Is Cloud Causing IT Spending Shift?

Ann All

Updated · Jul 16, 2015

In its latest forecast, research firm Gartner said global IT spending would hit $3.5 trillion this year, a 5.5 percent drop from 2014. Factoring in the rising U.S. dollar, in constant-currency terms the market will grow 2.5 percent. This is a downward adjustment from April, when Gartner predicted IT spending would fall 1.3 percent in U.S. dollars and grow 3.1 percent in constant currency.

Though the numbers look weak, it is “not a market crash,” said John-David Lovelock, a research vice president, in a statement. In fact, he said, “”IT activity is stronger than the growth in spending indicates. Price declines in major markets like communications and IT services, and switching to ‘as-a-service' delivery, mask the increase in activity.”

Cloud computing is the key to as-a-service delivery. So perhaps it is not surprising that research firm Computer Economics found a few notable trends in its latest research, including what John Longwell, vice president of Research, said appears to be a “tipping point” for cloud computing.

IT operational spend is rising at the fastest pace in years, with 69 percent of IT organizations getting bigger operational budgets. Yet capital spending is flat and hiring is weak, Longwell said. Not only that, but both IT spending as a percentage of revenue and on a per-user basis are falling. The per-user figure is at $6,847 in 2015, a drop of more than $3,500 since 2012.


Why is operational spend accelerating while capital spend has stalled? The cloud is playing a significant role, Longwell said. A net 56 percent of IT organizations are increasing spending on cloud applications, but just 10 percent are spending more on data center infrastructure.

Software spend is stronger than other categories. Noting that a net 50 percent of IT organizations expect to increase spending on business applications in general, Longwell said spending on apps continues to rise as a percentage of total IT spending.

But cloud's impact is undeniable, Longwell said.

Cloud's Tipping Point

“We think this is a secular trend and we don’t expect it reverse itself,” he said. “It may slow or speed up, but I think the direction is now undeniable. IT organizations are moving toward embracing cloud applications and it is beginning to influence IT spending patterns.”

Though Computer Economics has noted the growing adoption of cloud apps for a while now, adoption was at an early enough stage that it made little real impact on spending and the overall market. “Now we are seeing impact on the numbers,” Longwell said. “The next step, I think, is how quickly will IT organizations begin using cloud-based IT infrastructure. We are definitely at a tipping point.”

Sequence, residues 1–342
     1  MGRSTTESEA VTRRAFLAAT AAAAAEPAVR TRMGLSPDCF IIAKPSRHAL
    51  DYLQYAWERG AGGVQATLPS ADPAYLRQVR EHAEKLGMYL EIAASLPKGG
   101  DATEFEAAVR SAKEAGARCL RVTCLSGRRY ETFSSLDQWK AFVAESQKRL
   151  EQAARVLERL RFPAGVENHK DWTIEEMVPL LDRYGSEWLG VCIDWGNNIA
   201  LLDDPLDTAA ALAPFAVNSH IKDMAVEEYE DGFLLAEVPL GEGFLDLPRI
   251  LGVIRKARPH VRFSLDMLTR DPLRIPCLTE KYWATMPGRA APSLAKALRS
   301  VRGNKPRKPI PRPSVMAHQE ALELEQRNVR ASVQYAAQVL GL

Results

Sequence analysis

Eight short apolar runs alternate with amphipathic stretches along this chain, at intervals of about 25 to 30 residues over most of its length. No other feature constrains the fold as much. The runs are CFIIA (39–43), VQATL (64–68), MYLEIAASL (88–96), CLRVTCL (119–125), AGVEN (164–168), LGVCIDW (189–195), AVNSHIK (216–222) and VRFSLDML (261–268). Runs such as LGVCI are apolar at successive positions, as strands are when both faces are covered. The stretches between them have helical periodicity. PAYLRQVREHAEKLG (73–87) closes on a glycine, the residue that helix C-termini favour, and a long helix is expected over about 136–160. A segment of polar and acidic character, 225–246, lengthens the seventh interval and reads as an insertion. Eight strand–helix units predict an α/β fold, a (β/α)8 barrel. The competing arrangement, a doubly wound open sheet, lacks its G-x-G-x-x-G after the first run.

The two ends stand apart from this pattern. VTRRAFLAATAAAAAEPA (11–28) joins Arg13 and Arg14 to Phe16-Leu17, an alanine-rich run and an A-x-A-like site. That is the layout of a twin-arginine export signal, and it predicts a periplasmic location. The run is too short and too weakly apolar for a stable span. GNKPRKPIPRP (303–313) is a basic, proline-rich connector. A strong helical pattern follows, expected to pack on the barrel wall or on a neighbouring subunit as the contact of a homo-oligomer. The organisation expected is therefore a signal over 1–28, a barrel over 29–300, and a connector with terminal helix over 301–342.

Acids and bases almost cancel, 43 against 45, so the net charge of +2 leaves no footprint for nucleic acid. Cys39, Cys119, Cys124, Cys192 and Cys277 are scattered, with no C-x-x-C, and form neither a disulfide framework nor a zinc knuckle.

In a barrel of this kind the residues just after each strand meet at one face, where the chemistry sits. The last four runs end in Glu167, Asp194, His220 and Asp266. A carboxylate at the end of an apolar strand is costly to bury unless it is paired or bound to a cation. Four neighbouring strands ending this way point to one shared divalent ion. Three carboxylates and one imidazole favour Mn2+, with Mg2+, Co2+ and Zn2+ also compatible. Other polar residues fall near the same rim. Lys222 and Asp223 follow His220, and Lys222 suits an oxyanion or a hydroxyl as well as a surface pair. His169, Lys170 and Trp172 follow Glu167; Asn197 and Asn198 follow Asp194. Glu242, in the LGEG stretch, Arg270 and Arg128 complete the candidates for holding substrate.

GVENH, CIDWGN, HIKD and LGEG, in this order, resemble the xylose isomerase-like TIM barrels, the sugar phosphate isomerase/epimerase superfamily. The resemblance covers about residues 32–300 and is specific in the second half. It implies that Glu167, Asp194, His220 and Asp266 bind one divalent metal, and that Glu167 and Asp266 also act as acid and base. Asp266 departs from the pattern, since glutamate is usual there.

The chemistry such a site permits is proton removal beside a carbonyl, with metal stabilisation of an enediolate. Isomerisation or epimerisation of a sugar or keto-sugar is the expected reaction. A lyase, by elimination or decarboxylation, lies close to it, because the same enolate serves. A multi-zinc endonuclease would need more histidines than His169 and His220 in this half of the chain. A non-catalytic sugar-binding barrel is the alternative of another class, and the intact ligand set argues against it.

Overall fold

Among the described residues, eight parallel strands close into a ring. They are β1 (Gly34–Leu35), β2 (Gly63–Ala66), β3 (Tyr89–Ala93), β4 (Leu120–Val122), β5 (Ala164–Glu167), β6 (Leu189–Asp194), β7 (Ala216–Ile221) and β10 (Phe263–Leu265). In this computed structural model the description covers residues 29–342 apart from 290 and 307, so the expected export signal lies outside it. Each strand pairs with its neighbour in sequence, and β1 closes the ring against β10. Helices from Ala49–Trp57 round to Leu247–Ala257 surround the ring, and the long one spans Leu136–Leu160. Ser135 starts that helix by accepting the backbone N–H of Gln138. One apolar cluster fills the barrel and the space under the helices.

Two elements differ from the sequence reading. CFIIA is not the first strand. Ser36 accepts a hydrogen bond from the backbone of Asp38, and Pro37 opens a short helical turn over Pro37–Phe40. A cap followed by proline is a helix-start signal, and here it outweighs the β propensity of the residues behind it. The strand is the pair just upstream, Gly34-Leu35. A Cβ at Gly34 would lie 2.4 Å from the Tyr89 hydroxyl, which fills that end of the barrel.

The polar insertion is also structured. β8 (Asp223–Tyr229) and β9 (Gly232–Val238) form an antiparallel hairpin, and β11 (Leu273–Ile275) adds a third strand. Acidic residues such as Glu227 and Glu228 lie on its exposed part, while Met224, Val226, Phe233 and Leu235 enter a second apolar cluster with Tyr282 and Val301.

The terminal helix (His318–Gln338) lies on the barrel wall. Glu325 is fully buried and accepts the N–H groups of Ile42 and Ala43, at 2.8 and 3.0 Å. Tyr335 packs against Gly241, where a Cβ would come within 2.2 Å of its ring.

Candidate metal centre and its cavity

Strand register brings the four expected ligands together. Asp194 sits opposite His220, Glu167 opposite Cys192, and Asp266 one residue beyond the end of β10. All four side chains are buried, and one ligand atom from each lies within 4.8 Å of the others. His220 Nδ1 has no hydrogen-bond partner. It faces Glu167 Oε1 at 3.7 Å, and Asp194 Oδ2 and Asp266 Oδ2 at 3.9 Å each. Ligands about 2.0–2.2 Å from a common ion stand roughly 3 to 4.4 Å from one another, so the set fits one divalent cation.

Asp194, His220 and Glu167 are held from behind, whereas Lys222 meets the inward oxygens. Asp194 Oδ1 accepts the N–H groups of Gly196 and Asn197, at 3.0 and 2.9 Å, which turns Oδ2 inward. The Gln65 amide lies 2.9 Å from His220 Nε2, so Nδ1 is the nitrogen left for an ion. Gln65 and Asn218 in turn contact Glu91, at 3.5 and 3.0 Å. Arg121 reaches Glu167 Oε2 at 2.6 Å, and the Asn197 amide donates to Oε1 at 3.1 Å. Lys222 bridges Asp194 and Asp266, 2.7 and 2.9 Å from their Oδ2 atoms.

Spending on personnel has been shrinking as a percentage of IT budget since the start of the recession in 2008 and is not rebounding as much as other areas, Longwell noted. “Headcount is flat and wages somewhat stagnant. As organizations move their applications into the cloud, they will require fewer IT workers as well as less infrastructure.”

As IT organizations increasingly transition to the cloud, they must plan for ways to shed assets and transition their workforces, Longwell said.

“That means shifting from owning to leasing or outsourcing infrastructure. IT organizations will also find themselves needing fewer data center operations people and possibly application programmers. Having a flexible workforce strategy or engaging in partial outsourcing of some functions could be helpful,” he said.

While IT organizations will need fewer of some positions, they will require more service managers, business analysts and IT financial management personnel, Longwell said.

There is good news for organizations that do not delay a move to the cloud, he said. “Our research indicates that companies that have moved aggressively into the cloud spend less on IT than organizations with more traditional IT.”

Ann All is the editor of Enterprise Apps Today and eSecurity Planet. She has covered business and technology for more than a decade, writing about everything from business intelligence to virtualization.

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    Ann All

    Public relations, digital marketing, journalism, copywriting. I have done it all so I am able to communicate any information in a professional manner. Recent work includes creating compelling digital content, and applying SEO strategies to increase website performance. I am a skilled copy editor who can manage budgets and people.

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